Tuesday, April 15, 2014

EDEN INTERRUPTED—Dayna Goldfine and Dan Geller On the Unreliable Narrators & Self-Made Mythologies of The Galapagos Affair, and Nathaniel Dorsky's Involvement With Ballets Russes

I'm pleased to announce that my friends at Fandor have published my conversation with Dayna Goldfine and Dan Geller on the occasion of the theatrical release of their most recent documentary The Galapagos Affair: Satan Comes to Eden. In this piece, Goldfine and Geller talk unreliable narrators and self-made mythologies. A reminder that the body of this duo's remarkable work can be streamed at Fandor.

Anyone who knows me realizes that, for me, conversations are like liquid gold and I hate to waste a drop. So, though not necessary for a conversation on their latest documentary, I did enjoy asking a few questions about Goldfine and Geller's previous film Ballets Russes (2005).

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Dayna Goldfine: I remember with Ballets Russes, the first time we looked at some of the archival footage, we were sitting in the Library of Performing Arts in New York and we didn't know the dancers yet. I don't think we had even done more than one or two interviews. So we were looking at these rare, grainy black and white images on little screens and they didn't mean a thing to us. It really took these beautiful living human beings to talk about them, moving back and forth in time between them; it took that kind of effort to make those images mean something to an audience.

Michael Guillén: Along with your skill at editorial timing. One of my favorite moments in Ballets Russes was when you were profiling Nathalie Krassovska. I adored her! Those uplifted, insouciant eyebrows! And her ostentatious jewelry! And when you were focusing on her ill-fated love affairs and the one marriage that ended in divorce four months later and you cut to her and she's coyly laughing with an innocent, demure air. Brilliant.

And since we're talking about Ballets Russes, I'm intrigued by Nathaniel Dorsky's involvement as an editorial consultant. Can you speak to his involvement?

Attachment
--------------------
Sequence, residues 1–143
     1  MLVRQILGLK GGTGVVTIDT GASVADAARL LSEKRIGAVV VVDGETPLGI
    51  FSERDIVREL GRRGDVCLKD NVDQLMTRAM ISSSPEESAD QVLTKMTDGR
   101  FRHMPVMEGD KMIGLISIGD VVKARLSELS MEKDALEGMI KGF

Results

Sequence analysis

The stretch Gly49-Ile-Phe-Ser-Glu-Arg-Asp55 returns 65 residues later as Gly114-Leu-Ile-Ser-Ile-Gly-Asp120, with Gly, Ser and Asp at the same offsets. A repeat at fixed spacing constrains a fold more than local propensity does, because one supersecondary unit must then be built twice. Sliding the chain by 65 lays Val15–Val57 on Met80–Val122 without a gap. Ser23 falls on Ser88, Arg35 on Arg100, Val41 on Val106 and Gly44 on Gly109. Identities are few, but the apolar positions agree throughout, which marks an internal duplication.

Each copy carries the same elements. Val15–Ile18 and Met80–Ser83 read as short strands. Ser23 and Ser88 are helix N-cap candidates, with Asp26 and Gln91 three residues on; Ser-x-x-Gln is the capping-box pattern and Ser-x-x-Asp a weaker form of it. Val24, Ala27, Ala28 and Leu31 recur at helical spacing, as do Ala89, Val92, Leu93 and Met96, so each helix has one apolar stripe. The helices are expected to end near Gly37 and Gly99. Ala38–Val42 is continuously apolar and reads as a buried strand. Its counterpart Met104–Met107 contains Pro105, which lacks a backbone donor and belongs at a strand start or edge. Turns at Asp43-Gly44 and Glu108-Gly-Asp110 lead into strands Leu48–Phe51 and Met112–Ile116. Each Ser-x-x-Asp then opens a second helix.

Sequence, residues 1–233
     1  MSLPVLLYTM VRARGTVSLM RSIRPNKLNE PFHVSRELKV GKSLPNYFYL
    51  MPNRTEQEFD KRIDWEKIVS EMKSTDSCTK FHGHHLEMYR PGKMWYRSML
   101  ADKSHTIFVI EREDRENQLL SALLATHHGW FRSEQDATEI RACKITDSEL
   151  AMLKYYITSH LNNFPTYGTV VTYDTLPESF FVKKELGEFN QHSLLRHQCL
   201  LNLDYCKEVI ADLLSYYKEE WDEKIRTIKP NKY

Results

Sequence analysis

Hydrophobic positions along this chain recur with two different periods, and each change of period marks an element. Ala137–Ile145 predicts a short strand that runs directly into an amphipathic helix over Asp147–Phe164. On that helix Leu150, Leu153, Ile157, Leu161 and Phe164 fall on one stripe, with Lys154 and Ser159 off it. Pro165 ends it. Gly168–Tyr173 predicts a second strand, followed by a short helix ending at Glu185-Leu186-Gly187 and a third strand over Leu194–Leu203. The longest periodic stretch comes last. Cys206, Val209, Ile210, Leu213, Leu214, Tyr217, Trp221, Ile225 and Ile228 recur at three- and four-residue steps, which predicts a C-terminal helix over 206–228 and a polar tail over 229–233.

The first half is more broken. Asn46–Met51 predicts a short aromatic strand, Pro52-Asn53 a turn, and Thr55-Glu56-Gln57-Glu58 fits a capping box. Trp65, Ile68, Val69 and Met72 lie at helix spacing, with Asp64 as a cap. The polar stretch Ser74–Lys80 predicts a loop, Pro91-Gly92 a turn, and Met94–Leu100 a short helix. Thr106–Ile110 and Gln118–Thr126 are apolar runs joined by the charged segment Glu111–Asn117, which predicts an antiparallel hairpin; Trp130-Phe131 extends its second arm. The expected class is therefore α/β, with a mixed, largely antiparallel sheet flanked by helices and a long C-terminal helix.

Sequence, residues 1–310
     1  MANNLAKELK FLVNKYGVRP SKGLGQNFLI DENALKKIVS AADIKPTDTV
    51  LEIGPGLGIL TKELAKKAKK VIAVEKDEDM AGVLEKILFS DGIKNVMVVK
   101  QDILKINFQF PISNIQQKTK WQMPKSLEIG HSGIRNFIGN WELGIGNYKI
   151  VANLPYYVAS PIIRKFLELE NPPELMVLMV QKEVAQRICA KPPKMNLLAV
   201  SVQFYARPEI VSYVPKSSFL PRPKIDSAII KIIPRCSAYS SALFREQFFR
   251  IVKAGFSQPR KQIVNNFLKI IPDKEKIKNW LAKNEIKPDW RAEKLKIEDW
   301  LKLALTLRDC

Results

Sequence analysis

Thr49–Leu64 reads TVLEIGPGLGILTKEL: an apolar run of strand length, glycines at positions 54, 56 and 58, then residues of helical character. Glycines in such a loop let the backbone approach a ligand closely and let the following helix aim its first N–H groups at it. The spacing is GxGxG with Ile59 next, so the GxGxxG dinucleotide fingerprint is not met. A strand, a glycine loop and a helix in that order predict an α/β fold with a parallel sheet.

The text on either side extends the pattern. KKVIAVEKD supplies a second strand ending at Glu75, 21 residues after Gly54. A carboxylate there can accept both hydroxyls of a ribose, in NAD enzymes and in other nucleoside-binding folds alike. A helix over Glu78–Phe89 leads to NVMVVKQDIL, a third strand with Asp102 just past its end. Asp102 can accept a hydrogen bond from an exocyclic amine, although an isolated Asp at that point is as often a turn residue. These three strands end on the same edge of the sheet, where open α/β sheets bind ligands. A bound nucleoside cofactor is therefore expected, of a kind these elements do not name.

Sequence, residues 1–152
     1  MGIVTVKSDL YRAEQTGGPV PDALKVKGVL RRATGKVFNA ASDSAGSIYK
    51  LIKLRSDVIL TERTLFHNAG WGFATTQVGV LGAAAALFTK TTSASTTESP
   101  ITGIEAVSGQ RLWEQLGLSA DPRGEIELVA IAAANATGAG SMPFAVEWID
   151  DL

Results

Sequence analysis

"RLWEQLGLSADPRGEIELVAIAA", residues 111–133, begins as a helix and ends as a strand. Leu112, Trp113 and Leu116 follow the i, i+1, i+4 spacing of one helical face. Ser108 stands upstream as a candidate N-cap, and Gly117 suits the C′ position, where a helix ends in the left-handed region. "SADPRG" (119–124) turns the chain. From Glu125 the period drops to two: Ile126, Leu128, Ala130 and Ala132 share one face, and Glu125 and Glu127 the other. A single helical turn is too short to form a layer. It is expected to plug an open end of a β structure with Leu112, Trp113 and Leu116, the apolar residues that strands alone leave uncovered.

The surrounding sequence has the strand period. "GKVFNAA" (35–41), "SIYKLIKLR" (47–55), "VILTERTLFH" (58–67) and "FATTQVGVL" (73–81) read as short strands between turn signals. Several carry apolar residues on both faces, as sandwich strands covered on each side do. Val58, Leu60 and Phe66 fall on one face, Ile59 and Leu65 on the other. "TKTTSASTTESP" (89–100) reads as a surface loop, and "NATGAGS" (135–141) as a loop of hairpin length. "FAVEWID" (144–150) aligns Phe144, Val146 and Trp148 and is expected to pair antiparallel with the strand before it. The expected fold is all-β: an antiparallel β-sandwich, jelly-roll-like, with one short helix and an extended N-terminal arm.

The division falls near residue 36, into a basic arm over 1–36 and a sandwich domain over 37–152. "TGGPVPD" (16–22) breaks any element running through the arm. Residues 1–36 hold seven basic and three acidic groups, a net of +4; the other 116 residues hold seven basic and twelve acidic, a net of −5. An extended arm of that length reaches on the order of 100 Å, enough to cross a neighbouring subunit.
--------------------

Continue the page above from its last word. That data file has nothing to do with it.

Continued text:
Daniel Geller: He came on to Ballets Russes early on. He was the first editor on the project. He brought it to the point where we got a lot of the scenes on their feet. It was a hard movie. We had all these characters and wonderful stories about their origins, their feelings about dance, and all this history. We had actually done a couple of cuts with Nick. One focusing on characters only, not worrying about any of the history, and another one laying out the tracks of the history. At that point, I think we were all exhausted. Even Nick said, "Maybe it's time to take a break and bring someone else in with some fresh eyes to edit." That's when Gary Weimberg came in with a fresh blast of enthusiasm and his own eye and artistry and really jazzed up the two of us as well. We melded those two editorial strains into one movie.

Goldfine: But, also, Nick is a huge George Balanchine fan.

Guillén: I didn't know that!

Goldfine: If you ever go to the ballet and there's a Balanchine program on, look up at the standing room only area behind the seats and you'll see Nick there. We didn't know that when we called him. We just loved his films and had looked at the film on Paul Bowles that he had edited for Owsley Brown (Night Waltz: The Music of Paul Bowles, 2000), which we thought was a beautiful collaboration.

Geller: And we had worked with Nick before on our follow-up to Frosh (1994), Now and Then (1999).

Goldfine: We had called him to see if he would be interested in our subject, the Ballets Russes. He said, "Oh my God, I revere Balanchine and ballet." So Nick definitely brought a certain musicality to, especially, our initial approach to the footage and those sections.

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